DULUTH, Minn. — The Fond du Lac Band of Lake Superior Chippewa is planning to host an off-reservation moose hunt across a large portion of northeast Minnesota, despite the state’s objections.

MPRNews (http://bit.ly/2cInoxm ) reports that the band posted a notice on its website that says the hunt will begin Saturday and continue through the end of the year, or until 25 bull moose are killed.

Besides the general hunt by tribal members, the band will also seek to take an additional three moose for “community needs.”

The notice says the band reached its decision after carefully considering biological data that shows the moose herd population has stabilized in recent years.

The hunt will take place in an area known as the 1854 Ceded Territory, a large chunk of off-reservation land in the Arrowhead region where the band retains the right to hunt and fish on territory it ceded to the federal government in an 1854 treaty.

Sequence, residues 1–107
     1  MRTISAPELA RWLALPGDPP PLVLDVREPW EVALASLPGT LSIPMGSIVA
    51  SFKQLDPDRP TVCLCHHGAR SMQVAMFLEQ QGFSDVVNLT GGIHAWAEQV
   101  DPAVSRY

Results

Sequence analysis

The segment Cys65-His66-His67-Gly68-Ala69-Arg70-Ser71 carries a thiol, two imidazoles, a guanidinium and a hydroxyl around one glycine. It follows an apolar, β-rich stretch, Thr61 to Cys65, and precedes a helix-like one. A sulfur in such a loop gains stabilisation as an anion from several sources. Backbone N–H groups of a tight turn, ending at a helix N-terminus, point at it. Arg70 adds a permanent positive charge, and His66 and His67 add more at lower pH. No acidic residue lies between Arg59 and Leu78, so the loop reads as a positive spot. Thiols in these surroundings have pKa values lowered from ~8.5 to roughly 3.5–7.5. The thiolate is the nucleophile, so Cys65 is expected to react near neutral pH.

The newspaper couldn’t reach Fond du Lac Chairman Kevin DuPuis for comment.

Minnesota Department of Natural Resources wildlife population and regulation manager Steve Merchant said the department asked the band to reconsider, but acknowledged that they have the right to hunt in the area.

Merchant disagrees with the band’s belief that the moose population has stabilized.

“We think it’s a bit premature to say that,” he said. “We’re still concerned that the moose population is in decline. I think that we have good reason to believe that when we look at some of the health issues that are going on.”

The moose population in northeast Minnesota has plummeted by 55 percent in the last decade, from a high of an estimated 8,840 animals in 2006, to about 4,020 moose in the most recent state survey released in February.

Information from: Minnesota Public Radio News, http://www.mprnews.org